Gardemanger is not dead, but it is definitely on life support…
Gardemangers learn to “feel” 70F/21C, and the rest of us have to bounce back and forth between heating a little and cooling a little to get the aspic the right consistency. Once you figure that out, you pour a layer of gelatin in the bottom of a terrine like the one below, or an appropriate container with a flat bottom approximately 3″ deep. Plastic storage containers actually work pretty good for this.
The gardemanger kitchens in fancy hotels are kept at temps cold enough to make the aspic set at ambient temperature. Again, we are left to going back and forth in and out of the fridge to achieve our goal.
After this first layer set, I carefully layered the cured and smoked duck breast in the terrine.
I took a deep breath, painted with 74F/23C aspic, and laid in another layer. You have to continually drizzle a little gelatin to keep everything glued together. If you don’t, your terrine will fall apart when you slice it.
In the next step, sprinkle grated or julienne radishes into the well created by the duck. Distribute evenly down the length of the terrine. I was too anxious to even to take a picture of this stage. Again, pour some thin 74F/23C gelatin over the radish to coat. The alternative is to toss the radishes with gelatin before putting them in, but I find that this creates a sticky mess. Refrigerate the terrine to 68F/20C or lower.
Chaud froid literally means “hot cold,” the French always find a way to add a little mystique to their terminologies. Without explaining how chaud froid was made in ancient times, I will confess that I combine gelatin, water, mayonnaise and cream cheese with a little Ranch powder to make a white aspic. Sour cream, crème fraiche, béchamel, there are a million versions. You pour a little of this over the radish mixture, but you have to make sure it is starting to set, right at 70F/21C, or it will melt and merge with the layers below. I usually warn people not to come in the kitchen when I’m doing this stuff.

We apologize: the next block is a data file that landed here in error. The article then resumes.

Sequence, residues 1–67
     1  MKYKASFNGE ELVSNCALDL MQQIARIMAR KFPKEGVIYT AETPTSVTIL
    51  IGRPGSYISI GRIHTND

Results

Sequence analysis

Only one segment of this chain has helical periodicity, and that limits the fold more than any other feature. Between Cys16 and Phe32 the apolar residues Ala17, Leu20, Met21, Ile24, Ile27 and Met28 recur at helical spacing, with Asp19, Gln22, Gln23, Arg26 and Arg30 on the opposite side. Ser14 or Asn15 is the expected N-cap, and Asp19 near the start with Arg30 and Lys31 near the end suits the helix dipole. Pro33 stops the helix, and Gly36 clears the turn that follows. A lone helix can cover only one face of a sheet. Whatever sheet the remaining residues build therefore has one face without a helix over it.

Stop, take a breath, and let the white aspic cool before you start layering the thin slices of duck again. Sometimes these things have many, many, layers, I just don’t have that kind of patience OR skill.
Eventually, you build the terrine up until it is perfectly full, but not mounded over the top. If you make the mistake of making it too high, it becomes very difficult to remove from the terrine, sigh.
Once the terrine is completely chilled (overnight), dip it in warm water to melt the outer level of gelatin. If you watch around the edges, you can see it starting to melt. That’s right, if you melt it too much, you have a real mess on your hands. I like to just flip the terrine over and wave a propane torch over it, including the ends. You listen, and, like I said, if it’s not mounded too high, you will hear that slorchy, de-vacuuming sound as your masterpiece gently thunks out of the mold.
I would love to tell you that that’s all there is to it, but it’s not. Our labors have only just begun. The apprentices are required to do all the stuff we just did, and then the experts take over. It already looks pretty cool though.